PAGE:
His grandmother's husband sought to harness the boy's enthusiasm for the hotel business, researching colleges where he might study hotel administration. By his own admission, he was not an outstanding student.
He was a slow reader, hindered by dyslexia, and had no aptitude for maths. His grades placed him in the middle of his class. He applied to Cornell, without really knowing what or where Cornell was, and to Michigan State University.
He excelled at Michigan, spurred on by the apathy of his peers and by a girlfriend he was "wildly in love with". I can't do a lot of other things at the same time. I have concentration for one thing at a time. It's not such a bad way to be, and it's not such a bad thing to learn. Graduating in , Ford hovered over various professions - the police, teaching, working for American Druggist magazine, applying to the CIA. For a while, he settled on law, heading off to Washington University in St Louis for a term before returning, disillusioned, to Arkansas to teach.
And a little window, which was writing stories, opened up and I just went through it. He was not, he claims, the finest writer in his class, though he is now its most successful graduate. Although his early novels were greeted warmly, writing brought little financial reward or personal satisfaction, and in he decided to abandon novel writing. For a few years he had been sporadically teaching creative writing at the University of Michigan, Williams College and Princeton, though he was unwilling to consider academia as a permanent career.
I've got a pretty good memory, and I read literature as food. I remember lines, specific poems. But I could never hope to have this Christopher Hitchens-like command, [people] who know everything, but fundamentally don't know jack shit - who have a heart basically made of coal. Literature hit me amidships. When I read Absalom Absalom - the first novel I ever read - it just took me over. In a way it left me with a reverence for literature which does not require an encyclopaedic knowledge. I read what I read really closely. People always know more than I do, but what I know I know.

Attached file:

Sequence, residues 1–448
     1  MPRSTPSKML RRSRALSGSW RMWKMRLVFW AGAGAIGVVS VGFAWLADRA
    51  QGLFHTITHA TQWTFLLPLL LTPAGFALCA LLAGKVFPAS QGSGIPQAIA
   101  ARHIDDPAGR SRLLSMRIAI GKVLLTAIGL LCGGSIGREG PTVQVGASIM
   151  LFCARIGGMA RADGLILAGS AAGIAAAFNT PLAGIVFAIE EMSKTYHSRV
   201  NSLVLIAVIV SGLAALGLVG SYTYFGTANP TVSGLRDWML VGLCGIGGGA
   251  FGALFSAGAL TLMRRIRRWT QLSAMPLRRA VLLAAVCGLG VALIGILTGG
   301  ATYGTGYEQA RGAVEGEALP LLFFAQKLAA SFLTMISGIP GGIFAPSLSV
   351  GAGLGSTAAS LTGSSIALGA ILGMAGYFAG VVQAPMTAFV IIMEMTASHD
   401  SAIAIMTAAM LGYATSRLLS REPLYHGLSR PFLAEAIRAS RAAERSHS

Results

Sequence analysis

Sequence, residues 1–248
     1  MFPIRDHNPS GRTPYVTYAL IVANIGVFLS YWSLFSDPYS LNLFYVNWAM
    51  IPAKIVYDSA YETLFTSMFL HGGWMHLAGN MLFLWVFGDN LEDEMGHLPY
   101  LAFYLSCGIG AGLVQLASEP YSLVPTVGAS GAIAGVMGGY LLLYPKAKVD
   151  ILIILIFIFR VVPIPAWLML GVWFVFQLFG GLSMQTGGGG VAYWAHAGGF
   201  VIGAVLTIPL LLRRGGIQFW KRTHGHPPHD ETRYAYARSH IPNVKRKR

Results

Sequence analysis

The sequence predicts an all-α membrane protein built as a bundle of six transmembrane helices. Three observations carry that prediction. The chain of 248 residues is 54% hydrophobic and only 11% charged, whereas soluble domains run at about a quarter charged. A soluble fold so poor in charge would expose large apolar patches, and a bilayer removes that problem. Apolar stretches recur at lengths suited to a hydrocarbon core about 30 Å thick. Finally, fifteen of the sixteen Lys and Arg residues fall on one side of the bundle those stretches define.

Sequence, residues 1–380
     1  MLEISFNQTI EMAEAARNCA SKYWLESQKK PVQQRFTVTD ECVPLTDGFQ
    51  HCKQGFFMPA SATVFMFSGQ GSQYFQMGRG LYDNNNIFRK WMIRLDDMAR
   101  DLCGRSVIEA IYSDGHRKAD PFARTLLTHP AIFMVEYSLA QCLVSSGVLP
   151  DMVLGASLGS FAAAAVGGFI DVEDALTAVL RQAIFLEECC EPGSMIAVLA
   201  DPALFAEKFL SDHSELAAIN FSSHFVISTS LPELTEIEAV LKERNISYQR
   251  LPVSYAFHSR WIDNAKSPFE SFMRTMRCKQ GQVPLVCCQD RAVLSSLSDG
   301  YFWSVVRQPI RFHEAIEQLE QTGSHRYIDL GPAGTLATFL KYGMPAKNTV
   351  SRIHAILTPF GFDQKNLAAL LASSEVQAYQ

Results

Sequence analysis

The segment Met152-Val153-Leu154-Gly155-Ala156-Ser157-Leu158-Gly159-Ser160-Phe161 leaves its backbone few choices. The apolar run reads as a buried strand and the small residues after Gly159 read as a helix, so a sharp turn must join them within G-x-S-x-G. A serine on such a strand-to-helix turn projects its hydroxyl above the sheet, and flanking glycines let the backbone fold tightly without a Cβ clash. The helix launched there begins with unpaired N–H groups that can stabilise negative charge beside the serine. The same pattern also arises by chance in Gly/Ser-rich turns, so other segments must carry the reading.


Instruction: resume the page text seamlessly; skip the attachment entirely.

He sought work as a sportswriter with a New York publication named Inside Sports. But all I was qualified to do, all I was trained for, was being a writer.
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And I knew a lot about sports - I'd been a boxer, a would-be athlete. A year later, the magazine folded, and he once again found himself unemployed. Here the line blurs between Ford and his most famous protagonist, Frank Bascombe. First introduced to us in The Sportswriter, Bascombe is a year-old who abandoned a promising writing career to report on sports for a glossy magazine. Set in the fictional town of Haddam, New Jersey, the story takes place over Easter weekend Four years earlier, his eldest son had died, and like some latter-day Rip Van Winkle, Bascombe fell into a spell of "dreaminess" only to emerge to a changed world, in which he is divorced, albeit amicably, from his wife, known throughout as X.
Aged 23, Ford married his college sweetheart, Kristina, and they moved into a one-bedroom apartment in New York. I always thought that, given my Irish background, I wouldn't get married till I was about 35, that someone would drag me kicking and screaming to it. The setting is Oaxaca, Mexico, where Harry Quinn has come to free his girlfriend's brother, Sonny, from Jail and, ideally, to get him away form the suavely sadistic drug dealer who suspects Sonny of having cheated him.
Richard Ford was born in Jackson, Mississippi, in He has published five novels and two previous collections of stories. Convert currency. Add to Basket. Book Description Houghton Mifflin. Condition: New. Seller Inventory NEW More information about this seller Contact this seller. Book Description Houghton Mifflin, A clean, tight book in a bright dust jacket with no flaws.